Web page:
Most of the researchers conclude that the corporate do get benefits from the CSR activities that they carry out. Irrespective of the objective that a company sets out for their CSR activity, they are bound to benefit and gain higher profits either directly or indirectly. Some companies may only take up CSR activities for the benefits of the society at large. One question that could arise in our minds could be – who exactly is the beneficiary of the CSR activity in the company. It could be the consumer, shareholder, employee or the top management or it could also be all of them. Let us now see the benefits that the corporate would gain and the competitive advantage that they garner by indulging in CSR activities.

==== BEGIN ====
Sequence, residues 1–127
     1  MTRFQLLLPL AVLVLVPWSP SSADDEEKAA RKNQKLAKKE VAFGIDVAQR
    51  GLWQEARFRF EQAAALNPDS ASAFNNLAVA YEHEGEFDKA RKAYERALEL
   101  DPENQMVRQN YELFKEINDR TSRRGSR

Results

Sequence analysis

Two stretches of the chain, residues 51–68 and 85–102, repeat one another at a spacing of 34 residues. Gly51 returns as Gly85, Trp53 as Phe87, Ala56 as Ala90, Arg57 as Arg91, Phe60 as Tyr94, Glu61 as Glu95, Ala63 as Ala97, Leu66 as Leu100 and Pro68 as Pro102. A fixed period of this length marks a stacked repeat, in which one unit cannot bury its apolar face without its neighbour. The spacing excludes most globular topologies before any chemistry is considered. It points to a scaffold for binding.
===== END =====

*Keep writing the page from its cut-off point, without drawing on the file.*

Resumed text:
Below, we consider several of the most important competitive advantages corporations are likely to have in the market for altruism: using economies of scope to lower costs of delivering public goods, bundling charitable and regular goods to reduce free riding, using diversification to tailor public good delivery to market demand, reducing agency costs through competitive pressures, and providing positive network externalities in warm glow.
- Economies of Scope.